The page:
Christmas Lights

How to maintenance your Christmas lights Part I

  • October 16, 2010


To date there aren’t any Christmas lights that are manufactured here in the US, but we use millions of lights. Manufacturing so many lights for consumption with only months to prepare has led to holiday decorations notoriously being poorly manufactured and unreliable. Our Christmas lights are commercial grade, with greater durability and quality than our competitors. The following guide offesr advice and solutions to the most common Christmas light problems whether you’re using our lights or your own.


  1. Check that all circuits are on and that all plugs are plugged into a sufficient power source.
  2. Check the plug fuses of the light set. If the filament within the fuse is broken, replace the fuse. It is also sometimes necessary to spread plug prongs of plugs to insure circuit contact. This is a common problem.
  3. While the light set is plugged into a sufficient current, run a finger slowly over the bulb tops. If the light set comes on while touching a particular bulb, this bulb is most likely causing a short in the circuit. Remove and replace this bulb. In this case, the wire was not making contact with the light socket.
  4. Check that the appropriate amount of light sets are plugged into each other, end to end. There should be no more than two (2) sets of lights plugged into each other.
  5. If the lights are plugged into an extension cord, there may be an overload. Make sure there are not too many lights plugged into the cord. Also check the plug fuse of the extension cord. *NOTE* It is always best to check any light set while it is plugged into a wall plug outlet.
  6. Should a light set be burning brighter than normal, there are most likely more than eight (8) to fifteen (15) bulbs that have burned out. Find and replace those bulbs that are not working. Do not replace burned out bulbs while the light set is plugged in. This will cause a current surge and will burn out the new bulb.
  7. When replacing a burned-out bulb in a mini light set, it is helpful to use a tester. This will dramatically simplify the repair of light sets on both trees and displays. To use the tester, plug one light set into the plug outlet on the light tester. Push the test button on the tester; a buzzing sound will come from any defective bulbs. Remove and replace the bulb(s). On light sets of over fifty lights (light spheres, 100 light sets, etc.), remove one bulb from the end of the set or sphere, and plug the light into the tester. Push the test button. Remove and replace the bulb. Continue testing each light until the defective light is found.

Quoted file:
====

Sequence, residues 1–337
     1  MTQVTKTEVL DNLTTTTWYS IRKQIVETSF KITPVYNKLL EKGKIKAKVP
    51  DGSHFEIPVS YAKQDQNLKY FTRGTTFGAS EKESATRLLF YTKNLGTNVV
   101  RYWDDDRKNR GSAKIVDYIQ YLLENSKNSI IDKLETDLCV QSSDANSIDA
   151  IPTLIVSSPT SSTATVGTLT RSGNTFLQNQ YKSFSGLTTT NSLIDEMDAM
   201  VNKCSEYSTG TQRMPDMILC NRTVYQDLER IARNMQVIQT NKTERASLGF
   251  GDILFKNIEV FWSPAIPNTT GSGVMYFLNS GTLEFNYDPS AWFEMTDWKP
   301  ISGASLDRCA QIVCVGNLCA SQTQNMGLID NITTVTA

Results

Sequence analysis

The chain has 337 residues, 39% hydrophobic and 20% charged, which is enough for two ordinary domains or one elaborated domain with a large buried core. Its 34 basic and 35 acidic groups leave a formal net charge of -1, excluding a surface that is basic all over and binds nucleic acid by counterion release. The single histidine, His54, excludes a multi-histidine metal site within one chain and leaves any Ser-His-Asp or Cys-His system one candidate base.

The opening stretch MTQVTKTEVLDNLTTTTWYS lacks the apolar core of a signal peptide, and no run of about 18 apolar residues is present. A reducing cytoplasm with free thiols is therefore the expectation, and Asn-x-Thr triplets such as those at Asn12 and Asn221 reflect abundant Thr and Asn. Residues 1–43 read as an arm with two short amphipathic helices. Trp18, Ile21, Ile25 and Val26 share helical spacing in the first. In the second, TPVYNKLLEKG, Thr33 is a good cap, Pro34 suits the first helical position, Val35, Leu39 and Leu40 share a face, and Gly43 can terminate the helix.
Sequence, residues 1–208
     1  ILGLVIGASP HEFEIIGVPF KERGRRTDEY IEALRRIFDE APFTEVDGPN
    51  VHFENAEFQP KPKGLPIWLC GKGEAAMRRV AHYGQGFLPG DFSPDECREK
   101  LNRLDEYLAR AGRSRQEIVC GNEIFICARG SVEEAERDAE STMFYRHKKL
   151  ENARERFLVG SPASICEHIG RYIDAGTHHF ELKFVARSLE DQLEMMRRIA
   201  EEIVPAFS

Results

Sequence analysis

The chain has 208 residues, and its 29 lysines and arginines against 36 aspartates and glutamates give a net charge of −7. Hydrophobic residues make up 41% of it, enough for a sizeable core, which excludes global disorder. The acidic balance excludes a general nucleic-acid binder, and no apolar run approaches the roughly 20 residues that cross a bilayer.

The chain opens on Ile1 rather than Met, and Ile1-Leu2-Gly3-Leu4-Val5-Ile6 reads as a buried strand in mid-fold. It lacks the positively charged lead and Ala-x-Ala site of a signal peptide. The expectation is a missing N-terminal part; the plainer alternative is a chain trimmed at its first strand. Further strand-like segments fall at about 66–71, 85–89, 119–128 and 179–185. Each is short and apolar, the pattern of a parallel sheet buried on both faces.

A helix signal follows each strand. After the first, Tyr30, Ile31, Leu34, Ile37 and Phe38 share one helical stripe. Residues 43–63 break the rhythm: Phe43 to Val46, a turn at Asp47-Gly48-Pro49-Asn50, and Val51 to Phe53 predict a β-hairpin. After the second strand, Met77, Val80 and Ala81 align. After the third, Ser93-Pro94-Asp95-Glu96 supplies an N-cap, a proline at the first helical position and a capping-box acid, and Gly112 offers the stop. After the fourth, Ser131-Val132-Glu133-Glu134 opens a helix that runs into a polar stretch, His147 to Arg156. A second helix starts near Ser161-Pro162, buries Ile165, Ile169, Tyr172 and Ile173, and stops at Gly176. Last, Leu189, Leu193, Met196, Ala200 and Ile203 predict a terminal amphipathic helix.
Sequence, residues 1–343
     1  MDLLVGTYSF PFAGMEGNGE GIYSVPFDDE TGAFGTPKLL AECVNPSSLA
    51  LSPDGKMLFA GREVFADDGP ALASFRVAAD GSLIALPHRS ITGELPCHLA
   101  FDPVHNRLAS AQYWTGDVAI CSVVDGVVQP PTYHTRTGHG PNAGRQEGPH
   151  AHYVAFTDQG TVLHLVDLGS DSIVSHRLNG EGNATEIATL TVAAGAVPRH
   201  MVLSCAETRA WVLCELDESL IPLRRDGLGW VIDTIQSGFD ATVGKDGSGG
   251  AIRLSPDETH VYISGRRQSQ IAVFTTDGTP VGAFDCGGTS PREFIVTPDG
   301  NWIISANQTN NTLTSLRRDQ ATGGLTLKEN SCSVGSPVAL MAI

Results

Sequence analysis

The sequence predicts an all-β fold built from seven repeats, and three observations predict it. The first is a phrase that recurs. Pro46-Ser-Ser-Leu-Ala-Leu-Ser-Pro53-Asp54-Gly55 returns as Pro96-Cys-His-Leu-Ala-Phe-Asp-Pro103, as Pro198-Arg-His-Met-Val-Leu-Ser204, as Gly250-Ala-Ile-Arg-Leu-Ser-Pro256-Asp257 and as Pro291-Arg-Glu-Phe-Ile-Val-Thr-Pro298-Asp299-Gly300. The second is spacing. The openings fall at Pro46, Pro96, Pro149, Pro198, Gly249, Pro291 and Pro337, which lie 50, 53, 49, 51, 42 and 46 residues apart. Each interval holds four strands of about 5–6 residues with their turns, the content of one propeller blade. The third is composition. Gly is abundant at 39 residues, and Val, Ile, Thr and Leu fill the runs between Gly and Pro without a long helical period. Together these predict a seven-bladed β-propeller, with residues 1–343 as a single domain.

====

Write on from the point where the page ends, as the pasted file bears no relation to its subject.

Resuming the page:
Power Setup–Click here for Part II of this article

You don’t need to read your electric bill to know that outdoor Christmas lights can draw a huge amount of power. 100 feet of incandescent C9 bulbs, for instance, draw 3 and half times more power than most televisons! Needless to say, if you plug too many light strings into one plug, you will quickly overload that circuit.

Most homes have a 16 amp plug in the front and back yard; however, that circuit is usually shared with a room in the home, so not all 16 amps are usable. If you are planning a large Christmas light display, it is wise to calculate the number of amps your Christmas lights and decorations draw to make sure it is far less than 16 amps.

Amperage is usually posted on the UL tag at one end of your light string. If it is not, use this formula to determine the amperage of your light strings:

Number of Feet x Number of Watts Per Bulb / 125 Volts = Number of Amps

Using the example above:

100 Feet of C9 Bulbs x 7 Watts per Bulb / 125 Volts = 5.6 Amps.

Assuming other electrical devices are not using this circuit, you could plug additional lights or decorations into your outdoor plug. However, you should check the UL tag for maximum connections (usually 3) before plugging additional lights in end-to-end.

Note: Most Mini Light strings are not rated in watts, but amps, so the math is done for you.


Please note: This information is just a general guideline to assist you in your project. With any electrical product or situation there is a risk of electrical shock. DFW Christmas Lights and it’s parent company, Dallas Curb Appeal accepts no liability for the content of this article, or for the consequences of any actions taken on the basis of the information provided, unless that information is subsequently confirmed in writing. Any views or opinions presented in this e-mail are solely those of the author and do not necessarily represent those of the company-

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